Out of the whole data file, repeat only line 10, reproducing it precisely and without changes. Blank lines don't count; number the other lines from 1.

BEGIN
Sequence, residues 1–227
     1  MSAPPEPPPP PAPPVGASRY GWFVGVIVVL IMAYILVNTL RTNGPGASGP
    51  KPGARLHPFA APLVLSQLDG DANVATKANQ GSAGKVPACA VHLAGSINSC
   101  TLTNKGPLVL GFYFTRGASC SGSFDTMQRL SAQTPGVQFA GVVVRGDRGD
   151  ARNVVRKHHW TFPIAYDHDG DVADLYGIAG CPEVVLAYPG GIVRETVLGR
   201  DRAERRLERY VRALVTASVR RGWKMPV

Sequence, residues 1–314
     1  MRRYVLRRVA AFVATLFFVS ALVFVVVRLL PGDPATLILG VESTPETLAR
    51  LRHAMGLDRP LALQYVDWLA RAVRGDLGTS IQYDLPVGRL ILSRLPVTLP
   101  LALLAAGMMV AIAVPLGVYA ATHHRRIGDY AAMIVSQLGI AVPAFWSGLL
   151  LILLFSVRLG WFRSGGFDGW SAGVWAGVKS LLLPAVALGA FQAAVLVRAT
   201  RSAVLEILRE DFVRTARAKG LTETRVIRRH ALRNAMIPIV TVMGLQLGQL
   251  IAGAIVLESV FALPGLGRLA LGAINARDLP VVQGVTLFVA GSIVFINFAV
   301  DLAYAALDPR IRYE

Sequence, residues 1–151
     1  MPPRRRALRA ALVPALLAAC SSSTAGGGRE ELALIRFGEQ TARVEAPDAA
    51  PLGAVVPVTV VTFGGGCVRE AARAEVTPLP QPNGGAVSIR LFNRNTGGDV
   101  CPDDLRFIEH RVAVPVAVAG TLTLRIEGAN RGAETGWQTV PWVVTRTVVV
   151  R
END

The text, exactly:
   101  LALLAAGMMV AIAVPLGVYA ATHHRRIGDY AAMIVSQLGI AVPAFWSGLL